Specifically, by category, Voice and Long Distance revenues declined by $32 million year-over-year or 8%, driven by fewer voice lines and declining à la carte feature packages. Data and integrated solutions increased $24 million or 8%, driven by growth in integrated VoIP and data offerings and advanced data services to business customers, combined with growth in consumer Internet and broadband features.

Special access revenues increased $4 million or 3% due to circuit growth resulting primarily from increased demand for wireless backhaul. Switch access and USF revenues declined $19 million year-over-year or 12%, largely a result of fewer minutes of use, a margin-neutral least-cost routing initiative and unfavorable year-over-year comparisons due to a positive non-recurring item recorded in the fourth quarter of 2009. Both miscellaneous revenues and product sales were flat year-over-year.

Sequentially, total service revenue was roughly flat due to growth in data and integrated solutions and special access, which offset lower voice and Switched Access revenues. Product sales decreased by $3 million sequentially to $24 million.

Let me turn to expenses, which exclude depreciation and amortization. This quarter, expenses were lower by $24 million or 4% year-over-year. Excluding the non-cash pension costs, expenses were lower by $16 million or 3% year-over-year. Specifically, cost of services was down $13 million due primarily to lower interconnection expense related to our least-cost routing initiatives and reduced pension and benefits expense. Cost of products sold decreased by $2 million year-over-year due to fewer product sales.

Within SG&A, expenses decreased $15 million or 10% year-over-year due to deal synergies and a lower advertising expense. Restructuring charges were up $5 million due to a voluntary workforce reduction during the fourth quarter of 2010, which we expect to result in annual pretax savings of roughly $10 million.

Sequentially, total expenses decreased by approximately $10 million due to seasonal declines in over time, a decrease in advertising spend, incremental acquisition synergies and lower product expenses resulting from lower sequential sales. For the quarter, OIBDA was $496 million, which was flat year-over-year. Adjusted OIBDA was $523 million, a decrease of less than 1% year-over-year and our adjusted OIBDA margin improved 83 basis points year-over-year to 50.8%. Operating income was $288 million, up 4% to year-over-year.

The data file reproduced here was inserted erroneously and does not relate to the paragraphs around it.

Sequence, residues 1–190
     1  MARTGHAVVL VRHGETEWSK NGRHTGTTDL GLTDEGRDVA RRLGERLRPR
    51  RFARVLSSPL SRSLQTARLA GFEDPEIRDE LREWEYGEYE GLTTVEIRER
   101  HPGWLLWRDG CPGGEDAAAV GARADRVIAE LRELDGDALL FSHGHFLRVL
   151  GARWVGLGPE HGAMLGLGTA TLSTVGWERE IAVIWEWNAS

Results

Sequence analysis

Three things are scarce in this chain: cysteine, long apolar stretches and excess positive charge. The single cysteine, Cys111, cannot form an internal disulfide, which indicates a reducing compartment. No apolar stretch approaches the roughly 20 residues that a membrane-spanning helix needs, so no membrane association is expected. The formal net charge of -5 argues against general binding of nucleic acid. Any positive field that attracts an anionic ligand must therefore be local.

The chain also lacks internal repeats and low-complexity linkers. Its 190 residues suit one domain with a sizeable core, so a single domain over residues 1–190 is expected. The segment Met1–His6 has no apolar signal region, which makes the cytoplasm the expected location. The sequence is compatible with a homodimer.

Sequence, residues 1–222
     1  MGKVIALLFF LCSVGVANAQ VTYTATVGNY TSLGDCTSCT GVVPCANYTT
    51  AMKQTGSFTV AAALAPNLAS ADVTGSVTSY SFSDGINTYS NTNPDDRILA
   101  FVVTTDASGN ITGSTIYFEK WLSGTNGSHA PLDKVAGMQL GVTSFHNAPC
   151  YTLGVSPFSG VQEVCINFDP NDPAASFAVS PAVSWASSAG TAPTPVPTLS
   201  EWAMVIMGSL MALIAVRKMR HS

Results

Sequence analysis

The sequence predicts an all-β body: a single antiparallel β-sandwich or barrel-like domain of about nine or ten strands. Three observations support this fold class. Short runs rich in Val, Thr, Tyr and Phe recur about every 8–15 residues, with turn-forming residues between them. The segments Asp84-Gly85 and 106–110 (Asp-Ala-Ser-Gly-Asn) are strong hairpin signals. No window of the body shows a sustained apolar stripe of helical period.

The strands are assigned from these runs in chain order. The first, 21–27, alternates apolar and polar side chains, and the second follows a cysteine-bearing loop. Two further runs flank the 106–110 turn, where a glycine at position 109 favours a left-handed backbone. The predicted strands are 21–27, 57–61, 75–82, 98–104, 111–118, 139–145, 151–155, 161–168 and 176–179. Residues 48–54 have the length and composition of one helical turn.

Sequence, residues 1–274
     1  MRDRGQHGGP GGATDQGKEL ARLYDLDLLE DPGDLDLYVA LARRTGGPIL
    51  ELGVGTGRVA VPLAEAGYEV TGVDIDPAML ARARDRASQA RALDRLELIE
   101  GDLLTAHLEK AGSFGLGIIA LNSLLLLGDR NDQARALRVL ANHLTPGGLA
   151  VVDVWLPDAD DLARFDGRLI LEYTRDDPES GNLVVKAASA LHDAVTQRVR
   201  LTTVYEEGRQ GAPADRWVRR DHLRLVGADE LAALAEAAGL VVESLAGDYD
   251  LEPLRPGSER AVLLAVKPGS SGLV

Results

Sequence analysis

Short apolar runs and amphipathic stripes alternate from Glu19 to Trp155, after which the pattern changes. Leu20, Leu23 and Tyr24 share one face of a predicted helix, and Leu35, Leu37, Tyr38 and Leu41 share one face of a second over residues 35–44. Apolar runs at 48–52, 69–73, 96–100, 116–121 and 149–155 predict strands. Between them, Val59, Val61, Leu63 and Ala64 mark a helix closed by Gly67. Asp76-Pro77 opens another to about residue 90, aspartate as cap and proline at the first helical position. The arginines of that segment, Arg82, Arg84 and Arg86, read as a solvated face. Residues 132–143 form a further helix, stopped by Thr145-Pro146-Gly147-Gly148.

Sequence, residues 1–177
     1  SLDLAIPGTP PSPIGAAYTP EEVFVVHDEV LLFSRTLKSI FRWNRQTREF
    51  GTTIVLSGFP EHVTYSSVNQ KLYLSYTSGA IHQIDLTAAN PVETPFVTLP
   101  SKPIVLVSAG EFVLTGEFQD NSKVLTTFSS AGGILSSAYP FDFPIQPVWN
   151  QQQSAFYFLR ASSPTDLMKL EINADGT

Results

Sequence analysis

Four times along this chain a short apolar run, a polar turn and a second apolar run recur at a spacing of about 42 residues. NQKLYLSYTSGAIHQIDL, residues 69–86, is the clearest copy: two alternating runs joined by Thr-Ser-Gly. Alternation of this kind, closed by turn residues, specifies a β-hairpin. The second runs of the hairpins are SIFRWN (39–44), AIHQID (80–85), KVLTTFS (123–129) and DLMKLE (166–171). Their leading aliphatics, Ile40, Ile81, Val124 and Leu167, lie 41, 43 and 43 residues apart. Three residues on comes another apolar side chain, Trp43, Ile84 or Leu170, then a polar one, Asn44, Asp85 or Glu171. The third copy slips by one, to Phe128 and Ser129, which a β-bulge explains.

Let me turn to our pro-forma results for the full year. Windstream generated revenue of $4.1 billion, a decrease of 2.2% year-over-year. This is a significant improvement from our heritage 2009 results, where we saw declines of roughly 5% and reflects the success of our strategy to expand our focus on growth areas of the business while stabilizing the consumer channel. Adjusted OIBDA totaled $2.1 billion, which was flat year-over-year as a result of the improving revenue trends, the realization of roughly $55 million in deal synergies and solid cost management efforts throughout our entire organization.

Finally, for the year, capital expenditures totaled $490 million. On a GAAP basis, adjusted free cash flow was $818 million for the year, a decrease of less than 1% year-over-year, even with a $41 million cash contribution to our pension plan, and our dividend payout ratio for the year was 57%.

I'm very pleased to report that we met the guidance ranges for revenue, OIBDA, adjusted OIBDA and free cash flow, and we are slightly above the CapEx range based on success-based fiber investments we made in the fourth quarter.

From a balance sheet perspective during the fourth quarter, we increased the revolver capacity from $500 million to $750 million to provide additional borrowing capacity and flexibility. Furthermore, we extended all remaining revolver commitments, such that all $750 million now matures in 2013.

In early December, we funded the Hosted Solutions and Q-Comm transactions with cash on hand, revolver borrowings and proceeds with a $500 million note offering we completed in October. We ended the year with $42 million in cash and an outstanding revolver balance of $150 million. Our pro-forma leverage was 3.55x.

2010 was a pivotal year for Windstream, and the strategic path we are following has positioned the business to improve revenue trends and sustain cash flows well into the future. With the recent transactions, the overall leverage has increased slightly and we plan to deleverage the business back to our historical levels of 3.2x to 3.4x.

As of January 1, our pension plan assets was approximately $870 million, and we expect to make a $60 million contribution to our pension plan in February in the form of company stock to manage net leverage. In January, we completed a $200 million note offering with the proceeds being used to retire the $400 million of Valor notes that mature in 2015. We also plan to use revolver borrowings to complete the redemptions of the Valor notes.

Let me turn to our views for 2011, which continue to show improvement in both the top line and adjusted OIBDA trends compared to prior year. First, we continue to expect declines in Voice and Switched Access revenues but expect some improvement due to higher bundle penetration and mature competitive environment. These revenue declines should be mostly offset by continued growth in advanced data and integrated solutions and special access revenues.